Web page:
Samuel Noble

Samuel Noble

Cornwall, England
Death 13 Aug 1888 (aged 53)
Anniston, Calhoun County, Alabama, USA
Burial Anniston, Calhoun County, Alabama, USA
Memorial ID 5492946 · View Source
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Co-Founder of the town of Anniston Alabama.

Anniston is a reconstruction era city. It is located in the southern segment of Calhoun County on the site of the former Oxford Furnace. Residents of legacy Benton County, the forerunner of Calhoun, styled the entire area as "Pine Ankle" owing to the dense pine forests that long existed in what is now present-day Anniston. During the War Between the States, the Confederacy built an iron works in the area, owing to its outcroppings of iron ore, limestone, fuel sources for kiln operations, dolomite and, access to rail. That kiln was operational in April 1863, however, the top half of the blast funnel was thrown down during a raid by National Forces in April 1865. After restoration of Peace many southern cities sought enterprise developments as a method to enter the industrial era.

The Noble Brothers Iron Works of Floyd County, Rome, Georgia, was seeking for a enhanced future after Peace. The Nobles invested in raw land adjacent to the old Oxford Furnace. Noble interests hoped to establish a new iron works. In 1872, Samuel Noble visited Alfred Tyler of Charleston, South Carolina, to advise Tyler of the potential for creating an iron works in Alabama. In due course, Noble met General Daniel Tyler, Alfred's son and,
a partnership was eventually drawn which formed the Woodstock Iron Company. This enterprise dates its founding to May 4, 1872, and was for practical purposes the beginning of Anniston.

By 1873 Woodstock Iron Works built a 50-ton charcoal furnace. Not deterred by the Panic of 1873 plus a depression, Woodstock Iron prospered because of the extraordinary high quality "pig" iron that it produced. In 1879 a second 50-ton furnance was added to meet demand. Samuel Noble was visionary, an early city planner and a type of Gilded Age reformer. He decided Anniston, named after Alfred Tyler's wife, would be a utopian-like social experiment settlement. He hoped to create a "model city." In order to achieve this, he built cottages for the workers with yards and gardens, laid-out tree lined streets, opened a commisary (a company store), furnished a farming operation to produce food, built schools and churches. Noble supplied many infrastructure improvements as well, such as water and sanitary sewer, a cemetery, and brought rail transportation as close to Anniston as was feasible.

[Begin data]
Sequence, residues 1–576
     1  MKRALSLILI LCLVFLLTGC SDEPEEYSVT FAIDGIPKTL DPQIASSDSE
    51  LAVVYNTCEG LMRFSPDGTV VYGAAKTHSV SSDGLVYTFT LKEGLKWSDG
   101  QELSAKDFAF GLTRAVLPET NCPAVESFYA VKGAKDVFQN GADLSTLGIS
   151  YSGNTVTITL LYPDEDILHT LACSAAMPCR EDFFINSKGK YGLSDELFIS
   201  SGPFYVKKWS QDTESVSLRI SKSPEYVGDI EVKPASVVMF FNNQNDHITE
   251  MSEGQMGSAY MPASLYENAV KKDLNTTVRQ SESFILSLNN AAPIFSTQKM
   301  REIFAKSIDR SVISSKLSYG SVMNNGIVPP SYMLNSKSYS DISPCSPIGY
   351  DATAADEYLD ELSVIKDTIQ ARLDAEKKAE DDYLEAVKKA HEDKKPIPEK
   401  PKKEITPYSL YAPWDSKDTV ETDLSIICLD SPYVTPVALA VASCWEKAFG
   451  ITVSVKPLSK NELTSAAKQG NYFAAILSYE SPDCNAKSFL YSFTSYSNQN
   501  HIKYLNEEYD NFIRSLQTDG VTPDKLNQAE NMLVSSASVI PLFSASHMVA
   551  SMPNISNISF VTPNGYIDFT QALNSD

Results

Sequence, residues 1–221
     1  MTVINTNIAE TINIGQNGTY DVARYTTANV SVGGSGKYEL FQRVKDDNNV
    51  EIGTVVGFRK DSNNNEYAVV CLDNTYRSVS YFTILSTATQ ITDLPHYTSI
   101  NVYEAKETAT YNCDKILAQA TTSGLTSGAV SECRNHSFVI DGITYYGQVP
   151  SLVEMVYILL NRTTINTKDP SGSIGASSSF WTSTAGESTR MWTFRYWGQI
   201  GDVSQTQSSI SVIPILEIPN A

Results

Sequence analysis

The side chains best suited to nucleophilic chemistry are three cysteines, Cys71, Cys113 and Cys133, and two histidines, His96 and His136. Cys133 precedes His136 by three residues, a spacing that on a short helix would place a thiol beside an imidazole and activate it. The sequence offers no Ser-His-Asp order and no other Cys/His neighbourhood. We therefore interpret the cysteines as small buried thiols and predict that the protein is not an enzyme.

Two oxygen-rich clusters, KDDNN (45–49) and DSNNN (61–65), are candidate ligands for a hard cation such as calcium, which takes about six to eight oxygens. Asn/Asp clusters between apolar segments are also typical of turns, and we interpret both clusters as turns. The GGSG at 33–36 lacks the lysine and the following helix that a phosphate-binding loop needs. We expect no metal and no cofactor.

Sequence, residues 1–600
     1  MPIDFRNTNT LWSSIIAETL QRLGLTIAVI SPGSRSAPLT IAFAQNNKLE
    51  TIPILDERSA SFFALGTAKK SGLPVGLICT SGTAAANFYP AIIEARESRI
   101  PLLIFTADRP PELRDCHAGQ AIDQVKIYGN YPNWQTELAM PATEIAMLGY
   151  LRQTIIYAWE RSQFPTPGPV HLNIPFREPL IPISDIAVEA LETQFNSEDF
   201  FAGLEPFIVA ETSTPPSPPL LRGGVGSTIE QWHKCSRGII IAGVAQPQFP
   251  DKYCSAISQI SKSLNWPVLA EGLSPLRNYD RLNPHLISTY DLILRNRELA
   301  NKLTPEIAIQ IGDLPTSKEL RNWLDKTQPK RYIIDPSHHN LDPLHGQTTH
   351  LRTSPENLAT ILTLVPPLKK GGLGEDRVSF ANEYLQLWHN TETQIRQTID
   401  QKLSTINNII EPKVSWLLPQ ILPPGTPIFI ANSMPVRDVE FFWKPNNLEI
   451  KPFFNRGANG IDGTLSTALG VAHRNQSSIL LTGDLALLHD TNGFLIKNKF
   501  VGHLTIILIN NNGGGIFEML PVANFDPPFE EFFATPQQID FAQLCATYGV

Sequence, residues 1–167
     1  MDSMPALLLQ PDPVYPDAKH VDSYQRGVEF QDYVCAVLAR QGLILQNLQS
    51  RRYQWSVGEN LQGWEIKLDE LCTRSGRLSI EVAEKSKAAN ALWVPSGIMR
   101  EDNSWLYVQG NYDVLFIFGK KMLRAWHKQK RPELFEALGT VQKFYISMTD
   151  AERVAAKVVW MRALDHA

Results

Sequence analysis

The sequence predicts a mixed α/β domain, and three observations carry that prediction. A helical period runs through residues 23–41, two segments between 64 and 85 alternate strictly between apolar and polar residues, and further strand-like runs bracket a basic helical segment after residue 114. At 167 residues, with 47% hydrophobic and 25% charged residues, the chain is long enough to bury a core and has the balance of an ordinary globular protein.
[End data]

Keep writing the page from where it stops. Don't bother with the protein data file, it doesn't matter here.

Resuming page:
In 1881 Anniston added a second major industry: cotton textiles. With this advent Anniston was declared an "open city" on July 3, 1883 and, thereby began a dramatic growth in addition to a fantastic building boom. Anniston's growth thus continued unabated for quite a long time and was, at one time, counted amongst the larger populated towns in Alabama.

Samuel Noble died unexpectedly whilest on a visit to the Leatherwood section nearby Blue Mountain where he was inspecting railroad rolling stock equipment. The attendance at his funeral was reported in excess of 5,000 mourners. Noble did not witness the spectacular growth of his idea for a city. However, by the 1950's the automobile had made it possible for families to relocate to suburban outreaches.

*obituary reads that he died at the Anniston Inn, of which he took great pride in building.

Bio by: mulder

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  • Created by: William E. BARNARD
  • Added: 30 May 2001
  • Find a Grave Memorial 5492946
  • Find a Grave, database and images ( : accessed ), memorial page for Samuel Noble (22 Nov 1834–13 Aug 1888), Find a Grave Memorial no. 5492946, citing Hillside Cemetery, Anniston, Calhoun County, Alabama, USA ; Maintained by William E. BARNARD (contributor 46484017) .